Sexual orientation discrimination
It is against the law for your employer to discriminate against, victimise or harass you because of your sexual orientation, or your perceived sexual orientation. Find out about your rights and what to do if you are treated unfairly because of your sexuality.
Protection from discrimination
You are protected against sexual orientationdiscrimination if:
- you are lesbian, gay, bisexual or heterosexual
- people think you are gay, lesbian or heterosexual when you are not
- you have gay friends or visit gay clubs
Protection against discrimination starts when you apply for a job and continues through your employment. Discrimination protection covers:
- terms and conditions of employment (including benefits such as pensions)
- employment status (e.g. if you are a worker or an employee)
- promotion and transfer opportunities
If you are a same-sex couple in a civil partnership you are entitled to the same benefits as a married person (for example, survivors benefits under a company pension scheme) if the benefits have been in place since 5 December 2005 (when the Civil Partnership Act came into force).
If your employer gives benefits to opposite sex, unmarried partners of its employees (e.g. the employees opposite-sex partner is able to drive the company car), refusing the same benefits to same-sex partners could be discrimination.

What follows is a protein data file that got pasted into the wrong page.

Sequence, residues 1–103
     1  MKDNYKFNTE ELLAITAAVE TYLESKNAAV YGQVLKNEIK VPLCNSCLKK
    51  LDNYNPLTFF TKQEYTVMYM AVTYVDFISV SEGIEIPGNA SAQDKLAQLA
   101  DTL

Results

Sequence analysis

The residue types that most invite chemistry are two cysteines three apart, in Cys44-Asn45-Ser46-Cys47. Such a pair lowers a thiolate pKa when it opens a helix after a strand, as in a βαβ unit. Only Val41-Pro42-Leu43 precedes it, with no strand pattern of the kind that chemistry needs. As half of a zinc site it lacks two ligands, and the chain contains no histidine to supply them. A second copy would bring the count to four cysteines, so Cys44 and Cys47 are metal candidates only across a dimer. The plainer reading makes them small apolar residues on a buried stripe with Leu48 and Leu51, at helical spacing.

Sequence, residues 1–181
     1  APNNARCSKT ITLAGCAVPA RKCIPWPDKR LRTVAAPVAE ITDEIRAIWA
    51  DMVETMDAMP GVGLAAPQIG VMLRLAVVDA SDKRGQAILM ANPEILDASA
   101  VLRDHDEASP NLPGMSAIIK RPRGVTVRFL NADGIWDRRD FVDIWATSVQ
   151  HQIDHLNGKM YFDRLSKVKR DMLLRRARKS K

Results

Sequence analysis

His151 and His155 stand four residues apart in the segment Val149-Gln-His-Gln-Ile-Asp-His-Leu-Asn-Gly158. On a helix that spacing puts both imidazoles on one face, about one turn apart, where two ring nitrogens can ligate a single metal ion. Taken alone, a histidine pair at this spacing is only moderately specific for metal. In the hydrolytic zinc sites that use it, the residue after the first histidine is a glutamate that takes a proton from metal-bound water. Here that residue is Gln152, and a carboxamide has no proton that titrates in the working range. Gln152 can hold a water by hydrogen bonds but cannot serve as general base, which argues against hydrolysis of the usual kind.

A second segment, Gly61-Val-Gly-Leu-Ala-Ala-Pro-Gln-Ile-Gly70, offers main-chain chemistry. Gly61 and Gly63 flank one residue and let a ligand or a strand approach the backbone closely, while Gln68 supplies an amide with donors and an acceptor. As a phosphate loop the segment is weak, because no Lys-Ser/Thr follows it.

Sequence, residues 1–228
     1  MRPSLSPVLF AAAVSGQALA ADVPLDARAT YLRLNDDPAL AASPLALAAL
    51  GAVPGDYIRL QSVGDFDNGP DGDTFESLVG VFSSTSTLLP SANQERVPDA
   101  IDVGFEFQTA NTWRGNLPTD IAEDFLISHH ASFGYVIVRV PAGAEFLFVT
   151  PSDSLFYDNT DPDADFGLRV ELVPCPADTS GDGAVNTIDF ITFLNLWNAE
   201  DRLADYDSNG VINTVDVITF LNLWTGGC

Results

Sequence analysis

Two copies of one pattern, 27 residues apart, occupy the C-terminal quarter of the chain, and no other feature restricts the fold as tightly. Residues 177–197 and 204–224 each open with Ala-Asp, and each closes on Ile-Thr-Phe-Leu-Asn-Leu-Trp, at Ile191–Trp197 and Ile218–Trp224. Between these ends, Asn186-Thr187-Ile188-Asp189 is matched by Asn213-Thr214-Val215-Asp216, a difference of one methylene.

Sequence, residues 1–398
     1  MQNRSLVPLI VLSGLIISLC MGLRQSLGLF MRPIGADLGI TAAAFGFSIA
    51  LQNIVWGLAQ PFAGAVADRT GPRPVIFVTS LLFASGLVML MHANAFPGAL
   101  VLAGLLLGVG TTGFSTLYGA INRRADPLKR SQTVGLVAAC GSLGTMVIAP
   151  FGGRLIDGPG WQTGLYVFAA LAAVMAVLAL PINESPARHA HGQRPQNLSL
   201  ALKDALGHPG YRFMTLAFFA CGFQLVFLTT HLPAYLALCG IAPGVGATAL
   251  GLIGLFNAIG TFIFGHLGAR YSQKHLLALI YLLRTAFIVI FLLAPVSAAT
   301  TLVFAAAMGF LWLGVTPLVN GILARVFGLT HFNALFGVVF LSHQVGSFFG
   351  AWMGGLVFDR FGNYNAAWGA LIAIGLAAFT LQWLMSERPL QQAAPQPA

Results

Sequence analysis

Sexual orientation and religion in the workplace
You may work with a colleague who has strong views on your sexual orientation because of their religion. However, this does not mean they can bully or harass you. In the workplace, everyone has the right to be treated with respect, no matter what their sexual orientation.
Disclosing your sexuality to your employer
Some employers ask for details of the sexual orientation of employees,either for monitoring purposes or as part of an equal opportunities questionnaire.You do not have to give this information.
Civil partnership paperwork
After entering a civil partnership you should receive a 'civil partnership certificate'. If you or your partner want to change your name, employers should accept the certificate as evidence of the name change.
What to do next
If you think you have been discriminated against, victimised or harassed at work because of your sexual orientation, talk to your employer or personnel officer. If you belong to a trade union, you can contact your union representative. If you cannot resolve the matter informally, you can follow the grievance procedure set out in your contract of employment. Keep a written record of any harassment to show your employer.
You could make an application to an employment tribunal for sexual orientation discrimination if you:
- are unhappy with the way your employer deals with your discrimination complaint
- have been sacked because of your sexual orientation
- feel you were not offered a job because of your sexual orientation
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